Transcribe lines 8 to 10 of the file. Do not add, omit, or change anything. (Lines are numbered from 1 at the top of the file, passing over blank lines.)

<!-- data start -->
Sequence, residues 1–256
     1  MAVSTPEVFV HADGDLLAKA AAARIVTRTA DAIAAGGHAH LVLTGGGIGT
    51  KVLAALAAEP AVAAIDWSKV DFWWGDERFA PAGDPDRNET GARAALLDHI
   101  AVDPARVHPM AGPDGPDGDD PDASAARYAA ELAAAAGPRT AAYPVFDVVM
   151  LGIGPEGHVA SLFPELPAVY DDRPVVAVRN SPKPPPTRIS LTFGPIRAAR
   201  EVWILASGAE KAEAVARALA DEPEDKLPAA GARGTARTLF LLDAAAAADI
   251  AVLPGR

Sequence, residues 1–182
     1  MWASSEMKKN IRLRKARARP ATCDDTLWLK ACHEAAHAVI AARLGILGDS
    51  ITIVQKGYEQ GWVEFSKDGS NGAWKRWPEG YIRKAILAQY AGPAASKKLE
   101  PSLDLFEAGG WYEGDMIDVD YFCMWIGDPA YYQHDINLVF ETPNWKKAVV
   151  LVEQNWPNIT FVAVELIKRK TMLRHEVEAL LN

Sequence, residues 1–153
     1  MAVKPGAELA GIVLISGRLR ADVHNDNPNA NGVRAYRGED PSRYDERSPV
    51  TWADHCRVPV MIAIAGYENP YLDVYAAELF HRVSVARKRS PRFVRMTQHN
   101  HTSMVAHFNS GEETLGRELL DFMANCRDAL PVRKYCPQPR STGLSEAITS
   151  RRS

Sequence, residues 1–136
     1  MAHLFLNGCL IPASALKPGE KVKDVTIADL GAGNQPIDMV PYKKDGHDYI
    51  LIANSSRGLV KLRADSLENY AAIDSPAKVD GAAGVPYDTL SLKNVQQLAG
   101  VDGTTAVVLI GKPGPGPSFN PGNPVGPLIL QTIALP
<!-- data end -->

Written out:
Sequence, residues 1–182
     1  MWASSEMKKN IRLRKARARP ATCDDTLWLK ACHEAAHAVI AARLGILGDS
    51  ITIVQKGYEQ GWVEFSKDGS NGAWKRWPEG YIRKAILAQY AGPAASKKLE